Bill Would Pave Way for Stand-Alone Telehealth Coverage

A bipartisan group of House legislators in February reintroduced legislation from 2022 that would pave the way for employer-sponsored, stand-alone telehealth benefits plans.

The bill is important as the current law allowing health insurers to cover telehealth benefits sunsets at the end of 2024, which would be difficult for many patients and providers who have grown accustomed to telehealth visits with their physicians.

The legislation, however, takes a different approach by instead making telehealth benefits separate from a health plan.

A similar measure died in committee last year due to congressional inertia during an election year. The current legislation has bipartisan support with sponsorship by Rep. Angie Craig, D-Minnesota, Rep. Ron Estes, R-Kansas, Rep. Mikie Sherrill, D-New Jersey, and Rep. Rick Allen, R-Georgia.

The bill

The goal of the Telehealth Benefit Expansion for Workers Act would be to make stand-alone telehealth benefits separate, and not a replacement for a group health plan. Instead, employers would be able to offer them under a group health plan or group health insurance coverage as excepted benefits.

Excepted benefits are additional coverages that employers can, but are not required to, offer, like vision or dental insurance. Federal law dictates what qualifies as an excepted benefit, which necessitates the legislation to add telehealth services to the mix.

Telehealth benefits, under the legislation, would apply to all workers, even those who work part-time or seasonally.

Why is the legislation needed?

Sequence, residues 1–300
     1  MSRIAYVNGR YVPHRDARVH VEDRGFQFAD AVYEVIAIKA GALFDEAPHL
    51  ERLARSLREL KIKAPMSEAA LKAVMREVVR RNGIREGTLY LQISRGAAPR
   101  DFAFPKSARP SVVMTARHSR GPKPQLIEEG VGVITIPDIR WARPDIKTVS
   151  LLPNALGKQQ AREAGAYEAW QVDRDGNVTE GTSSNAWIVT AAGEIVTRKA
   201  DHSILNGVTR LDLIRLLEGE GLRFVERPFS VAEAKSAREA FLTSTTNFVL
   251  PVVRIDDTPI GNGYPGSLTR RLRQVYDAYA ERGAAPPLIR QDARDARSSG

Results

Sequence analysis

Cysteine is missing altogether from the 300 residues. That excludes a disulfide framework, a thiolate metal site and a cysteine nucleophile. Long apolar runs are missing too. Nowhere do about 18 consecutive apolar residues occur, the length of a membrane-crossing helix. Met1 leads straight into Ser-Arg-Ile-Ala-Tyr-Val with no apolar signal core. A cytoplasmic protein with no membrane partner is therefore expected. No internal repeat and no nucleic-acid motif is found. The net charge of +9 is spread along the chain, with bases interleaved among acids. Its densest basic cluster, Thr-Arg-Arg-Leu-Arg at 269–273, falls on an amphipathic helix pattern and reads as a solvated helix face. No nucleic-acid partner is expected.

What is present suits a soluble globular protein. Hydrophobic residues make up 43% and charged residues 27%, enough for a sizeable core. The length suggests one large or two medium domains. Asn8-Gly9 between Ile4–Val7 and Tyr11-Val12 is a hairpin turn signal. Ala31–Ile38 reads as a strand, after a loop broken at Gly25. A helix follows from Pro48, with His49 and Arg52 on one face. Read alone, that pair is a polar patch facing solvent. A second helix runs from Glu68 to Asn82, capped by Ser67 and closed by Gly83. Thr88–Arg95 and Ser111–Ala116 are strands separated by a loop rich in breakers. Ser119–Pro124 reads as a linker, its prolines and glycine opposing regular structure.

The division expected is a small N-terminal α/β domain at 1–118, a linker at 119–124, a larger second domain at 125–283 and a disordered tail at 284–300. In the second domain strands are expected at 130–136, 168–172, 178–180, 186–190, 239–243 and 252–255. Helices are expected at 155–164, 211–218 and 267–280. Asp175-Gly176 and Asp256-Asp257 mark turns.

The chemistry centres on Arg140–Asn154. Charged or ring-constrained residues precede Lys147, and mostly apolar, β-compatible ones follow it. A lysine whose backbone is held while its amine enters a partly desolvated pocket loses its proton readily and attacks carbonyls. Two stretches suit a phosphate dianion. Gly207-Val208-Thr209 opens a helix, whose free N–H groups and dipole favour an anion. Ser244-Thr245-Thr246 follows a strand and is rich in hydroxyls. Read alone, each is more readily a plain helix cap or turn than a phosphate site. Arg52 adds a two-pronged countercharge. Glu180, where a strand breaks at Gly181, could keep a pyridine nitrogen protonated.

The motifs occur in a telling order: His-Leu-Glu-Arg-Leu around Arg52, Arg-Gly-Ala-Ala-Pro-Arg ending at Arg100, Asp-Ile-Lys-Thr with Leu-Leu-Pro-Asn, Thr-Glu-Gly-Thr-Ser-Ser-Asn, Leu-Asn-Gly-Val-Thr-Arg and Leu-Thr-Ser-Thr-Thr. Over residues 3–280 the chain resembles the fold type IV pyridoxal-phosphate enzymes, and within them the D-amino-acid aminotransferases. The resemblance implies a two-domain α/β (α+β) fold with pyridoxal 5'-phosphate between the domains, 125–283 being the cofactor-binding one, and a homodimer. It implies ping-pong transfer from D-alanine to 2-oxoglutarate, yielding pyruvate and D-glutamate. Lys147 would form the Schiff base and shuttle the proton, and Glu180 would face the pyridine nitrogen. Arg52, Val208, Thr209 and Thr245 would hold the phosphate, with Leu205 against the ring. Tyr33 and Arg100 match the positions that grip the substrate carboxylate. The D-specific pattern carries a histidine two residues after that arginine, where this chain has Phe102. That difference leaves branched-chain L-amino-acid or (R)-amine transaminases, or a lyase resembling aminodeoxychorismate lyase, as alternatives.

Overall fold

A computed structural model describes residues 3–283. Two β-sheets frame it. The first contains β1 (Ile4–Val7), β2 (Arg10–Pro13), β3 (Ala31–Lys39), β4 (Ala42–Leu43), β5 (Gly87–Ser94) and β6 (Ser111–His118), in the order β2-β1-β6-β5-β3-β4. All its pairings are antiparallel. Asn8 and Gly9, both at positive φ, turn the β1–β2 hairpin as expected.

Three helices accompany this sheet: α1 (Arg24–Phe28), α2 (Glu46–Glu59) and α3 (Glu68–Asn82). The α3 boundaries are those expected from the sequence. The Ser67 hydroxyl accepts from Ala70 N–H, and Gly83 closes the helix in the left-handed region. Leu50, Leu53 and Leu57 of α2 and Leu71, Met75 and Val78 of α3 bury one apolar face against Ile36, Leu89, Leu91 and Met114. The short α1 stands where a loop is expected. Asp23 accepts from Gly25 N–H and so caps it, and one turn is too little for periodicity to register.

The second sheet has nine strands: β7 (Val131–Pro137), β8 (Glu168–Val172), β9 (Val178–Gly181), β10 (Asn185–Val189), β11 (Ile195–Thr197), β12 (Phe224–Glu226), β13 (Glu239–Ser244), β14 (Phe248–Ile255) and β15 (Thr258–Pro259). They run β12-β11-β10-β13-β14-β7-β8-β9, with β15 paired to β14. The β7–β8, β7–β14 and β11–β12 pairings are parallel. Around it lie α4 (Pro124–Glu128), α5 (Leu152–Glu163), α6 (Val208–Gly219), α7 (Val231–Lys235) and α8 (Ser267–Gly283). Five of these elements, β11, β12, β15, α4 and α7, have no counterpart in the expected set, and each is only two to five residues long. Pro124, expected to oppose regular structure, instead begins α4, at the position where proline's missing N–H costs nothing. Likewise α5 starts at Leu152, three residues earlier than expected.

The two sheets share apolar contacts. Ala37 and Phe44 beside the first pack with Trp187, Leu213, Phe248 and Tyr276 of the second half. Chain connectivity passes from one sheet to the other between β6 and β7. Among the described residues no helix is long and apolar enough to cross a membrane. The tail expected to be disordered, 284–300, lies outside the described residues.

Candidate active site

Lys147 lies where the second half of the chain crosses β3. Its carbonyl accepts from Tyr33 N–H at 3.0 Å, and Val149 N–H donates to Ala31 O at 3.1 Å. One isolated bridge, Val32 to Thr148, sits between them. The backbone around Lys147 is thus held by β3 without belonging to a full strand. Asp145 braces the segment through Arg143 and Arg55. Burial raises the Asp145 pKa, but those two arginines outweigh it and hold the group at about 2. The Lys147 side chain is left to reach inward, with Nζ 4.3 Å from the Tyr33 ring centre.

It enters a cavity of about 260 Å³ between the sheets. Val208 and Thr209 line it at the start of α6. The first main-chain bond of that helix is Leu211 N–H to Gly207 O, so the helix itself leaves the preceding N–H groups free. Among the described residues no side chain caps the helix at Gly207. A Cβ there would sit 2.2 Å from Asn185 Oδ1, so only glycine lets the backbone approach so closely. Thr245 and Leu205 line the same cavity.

Prior to the COVID-19 pandemic, health plans were unable to cover telehealth services under the law. But, when the outbreak first started, followed by lockdowns, telemedicine was sometimes the only option patients had to get face time with their physicians.

As a result, lawmakers enacted laws that allow health plans to cover patients’ video and phone visits with their doctors. Those laws were set to sunset 151 days after the COVID-19 public health emergency expires.

But the budget bill signed into law at the end of 2022 extends and expands telehealth flexibilities under the law through Dec. 31, 2024. Those flexibilities include:

  • Expanding originating sites to include any sites where patients are located, including their homes.
  • Extending coverage and payment for audio-only telehealth services.

What’s next

This measure has only just been introduced, but since it was crafted by Democrats and Republicans, and considering the eventual sunsetting of telehealth provisions, there is some urgency in getting permanent legislation on the books.

However, as telemedicine grows in use and popularity, elected representatives may feel pressured to make permanent the current law that allows health plans to cover video and telephone visits with their physicians.

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